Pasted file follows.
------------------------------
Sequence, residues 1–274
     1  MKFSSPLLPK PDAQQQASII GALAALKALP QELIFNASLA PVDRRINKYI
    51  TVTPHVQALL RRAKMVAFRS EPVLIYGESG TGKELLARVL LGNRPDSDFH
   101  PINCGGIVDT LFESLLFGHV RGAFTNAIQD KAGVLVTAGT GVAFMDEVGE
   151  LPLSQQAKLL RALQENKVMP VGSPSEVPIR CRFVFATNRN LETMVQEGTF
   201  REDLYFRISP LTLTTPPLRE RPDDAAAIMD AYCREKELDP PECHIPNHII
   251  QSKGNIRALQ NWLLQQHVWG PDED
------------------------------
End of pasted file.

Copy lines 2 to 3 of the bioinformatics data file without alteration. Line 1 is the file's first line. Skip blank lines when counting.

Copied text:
     1  MKFSSPLLPK PDAQQQASII GALAALKALP QELIFNASLA PVDRRINKYI
    51  TVTPHVQALL RRAKMVAFRS EPVLIYGESG TGKELLARVL LGNRPDSDFH